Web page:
DR. SABEENA NABI
Women’s empowerment has become a significant topic of discussion in development and economics
Once again the slogan of Narendra Modi ji came out to be a success, as one of the daughters of India Mrs. Droupadi Murmu proved herself worth for Presidential position; the country’s 15th President and becoming the first tribal and the 2nd female president after to have made it to the country’s highest office. Modi acknowledged the way Murmu overcame hardships in her personal life and continued serving society. Droupadi Murmu Ji’s life, her early struggles, her rich service, and her exemplary success motivate each and every Indian citizen in general and women folk in particular. She has emerged as a ray of hope for our citizens, especially the poor, marginalised and the downtrodden.
Women’s empowerment equips and allows women to make life-determining decisions through different problems in society. They may have the opportunity to redefine gender roles or other such roles, which in turn may allow them more freedom to pursue desired goals. Women’s empowerment has become a significant topic of discussion in development and economics. Economic empowerment allows women to control and benefit from resources, assets, and income. It also aids the ability to manage risk and improve women’s well-being. It can result in approaches to support trivialised genders in a particular political or social context. While often interchangeably used, the more comprehensive concept of gender empowerment concerns people of any gender, stressing the distinction between biological and gender as a role. Women empowerment helps in boosting the status of women through literacy, education, training and awareness creation. Furthermore, women’s empowerment refers to women’s ability to make strategic life choices which had been previously denied them.
Nations, businesses, communities and groups may benefit from the implementation of programs and policies that adopt the notion of female empowerment. Empowerment of women enhances the quality and the quantity of human resources available for development. Empowerment is one of the main procedural concerns when addressing human rights and development.
Women are typically associated with child care and domestic responsibilities at home, they have less time dedicated to entering the labour market and running their business. Policies that increase their bargaining power in the household would include policies that account for cases of divorce, policies for better welfare for women, and policies that give women control over resources (such as property rights). However, participation is not limited to the realm of politics. It can include participation in the household, in schools, and the ability to make choices for oneself. Some theorists believe that bargaining power and agency in the household must be achieved before one can move onto broader political participation. Women with digital skills are better able to make their voices heard on local issues and influence the outcome of decisions that affect themselves and their communities. Digital skills can also empower women to participate in political movements. To create women empowerment, feminists commonly use consciousness raising. When raising consciousness, women not only become knowledgeable about their personal struggles but how it is related to political and economical issues. Raising consciousness allows marginalised individuals to see where they are placed in the larger social structure and pinpoint the root of their oppression. Awareness of their problems will initiate self-mobilisation which precisely creates empowerment.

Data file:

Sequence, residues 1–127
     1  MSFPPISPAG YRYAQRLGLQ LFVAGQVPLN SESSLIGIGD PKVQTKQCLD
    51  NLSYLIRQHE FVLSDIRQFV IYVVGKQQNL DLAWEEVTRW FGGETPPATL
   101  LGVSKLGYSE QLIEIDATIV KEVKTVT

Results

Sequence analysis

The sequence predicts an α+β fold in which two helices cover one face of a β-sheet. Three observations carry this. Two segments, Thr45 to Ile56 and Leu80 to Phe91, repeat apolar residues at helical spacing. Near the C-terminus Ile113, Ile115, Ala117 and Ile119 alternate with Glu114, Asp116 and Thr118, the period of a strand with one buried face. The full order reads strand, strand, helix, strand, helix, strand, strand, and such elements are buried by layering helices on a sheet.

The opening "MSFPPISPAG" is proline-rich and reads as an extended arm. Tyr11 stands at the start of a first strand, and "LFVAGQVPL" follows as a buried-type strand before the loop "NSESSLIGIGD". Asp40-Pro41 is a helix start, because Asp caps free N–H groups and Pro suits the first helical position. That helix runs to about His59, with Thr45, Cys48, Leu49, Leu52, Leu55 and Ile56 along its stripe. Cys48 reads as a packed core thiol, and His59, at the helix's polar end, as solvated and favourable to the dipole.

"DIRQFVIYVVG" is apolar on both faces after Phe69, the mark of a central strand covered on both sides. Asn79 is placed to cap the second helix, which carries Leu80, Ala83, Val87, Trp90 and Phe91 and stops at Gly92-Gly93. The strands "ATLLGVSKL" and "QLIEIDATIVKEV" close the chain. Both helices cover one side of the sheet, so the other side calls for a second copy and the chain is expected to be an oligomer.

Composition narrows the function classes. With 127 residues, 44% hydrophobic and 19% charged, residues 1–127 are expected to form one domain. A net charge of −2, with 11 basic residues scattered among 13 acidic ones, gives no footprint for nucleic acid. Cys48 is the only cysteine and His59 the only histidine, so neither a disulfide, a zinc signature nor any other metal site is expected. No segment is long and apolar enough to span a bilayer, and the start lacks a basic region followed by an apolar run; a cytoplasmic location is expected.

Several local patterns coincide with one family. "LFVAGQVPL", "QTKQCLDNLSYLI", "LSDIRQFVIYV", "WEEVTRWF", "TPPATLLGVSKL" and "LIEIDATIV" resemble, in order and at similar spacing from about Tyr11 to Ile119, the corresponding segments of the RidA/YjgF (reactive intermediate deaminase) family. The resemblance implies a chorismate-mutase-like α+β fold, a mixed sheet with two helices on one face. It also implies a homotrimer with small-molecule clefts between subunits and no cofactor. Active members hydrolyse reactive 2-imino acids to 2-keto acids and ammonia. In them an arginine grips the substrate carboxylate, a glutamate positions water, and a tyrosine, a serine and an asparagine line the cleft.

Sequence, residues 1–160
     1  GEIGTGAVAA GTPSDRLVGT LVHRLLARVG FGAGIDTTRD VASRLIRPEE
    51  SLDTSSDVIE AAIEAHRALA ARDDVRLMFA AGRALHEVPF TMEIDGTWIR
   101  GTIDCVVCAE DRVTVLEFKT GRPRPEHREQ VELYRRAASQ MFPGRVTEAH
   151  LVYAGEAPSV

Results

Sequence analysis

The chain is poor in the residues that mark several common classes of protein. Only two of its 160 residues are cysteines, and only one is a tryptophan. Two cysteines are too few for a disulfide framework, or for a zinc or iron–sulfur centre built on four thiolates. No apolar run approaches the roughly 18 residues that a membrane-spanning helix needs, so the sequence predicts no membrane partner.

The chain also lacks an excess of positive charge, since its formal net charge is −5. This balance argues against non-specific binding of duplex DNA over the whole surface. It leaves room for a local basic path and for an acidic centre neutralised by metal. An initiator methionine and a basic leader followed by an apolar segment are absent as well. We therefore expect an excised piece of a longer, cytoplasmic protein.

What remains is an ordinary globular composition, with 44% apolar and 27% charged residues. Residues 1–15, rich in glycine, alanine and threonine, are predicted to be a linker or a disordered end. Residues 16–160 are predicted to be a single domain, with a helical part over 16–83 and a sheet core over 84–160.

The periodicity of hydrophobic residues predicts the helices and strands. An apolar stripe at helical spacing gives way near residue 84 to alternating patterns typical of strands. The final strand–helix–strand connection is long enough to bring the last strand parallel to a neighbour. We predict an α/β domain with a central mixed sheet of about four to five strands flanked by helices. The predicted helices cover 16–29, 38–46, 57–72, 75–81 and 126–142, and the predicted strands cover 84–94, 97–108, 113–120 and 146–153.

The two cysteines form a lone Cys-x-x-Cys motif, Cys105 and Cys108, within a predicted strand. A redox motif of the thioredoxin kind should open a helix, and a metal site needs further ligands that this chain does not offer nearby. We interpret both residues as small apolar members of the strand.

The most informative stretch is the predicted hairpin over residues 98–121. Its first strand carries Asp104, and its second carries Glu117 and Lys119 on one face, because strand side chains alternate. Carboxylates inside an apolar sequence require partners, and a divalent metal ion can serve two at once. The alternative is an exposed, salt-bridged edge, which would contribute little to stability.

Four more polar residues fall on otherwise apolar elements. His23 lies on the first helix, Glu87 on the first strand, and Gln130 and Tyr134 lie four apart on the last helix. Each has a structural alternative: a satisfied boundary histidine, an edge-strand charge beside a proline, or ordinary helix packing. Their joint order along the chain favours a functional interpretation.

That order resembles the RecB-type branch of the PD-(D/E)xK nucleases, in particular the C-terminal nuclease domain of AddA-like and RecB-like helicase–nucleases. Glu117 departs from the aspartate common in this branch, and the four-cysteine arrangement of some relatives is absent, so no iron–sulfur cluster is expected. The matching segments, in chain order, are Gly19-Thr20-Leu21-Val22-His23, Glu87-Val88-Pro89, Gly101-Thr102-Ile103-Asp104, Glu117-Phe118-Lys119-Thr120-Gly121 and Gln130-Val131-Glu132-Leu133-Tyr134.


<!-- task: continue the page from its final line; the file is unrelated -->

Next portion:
Dr. Sabeena Nabi, Faculty of Forestry, SKUAST-K
Disclaimer: The views and opinions expressed in this article are the personal opinions of the author. The facts, analysis, assumptions and perspective appearing in the article do not reflect the views of GK.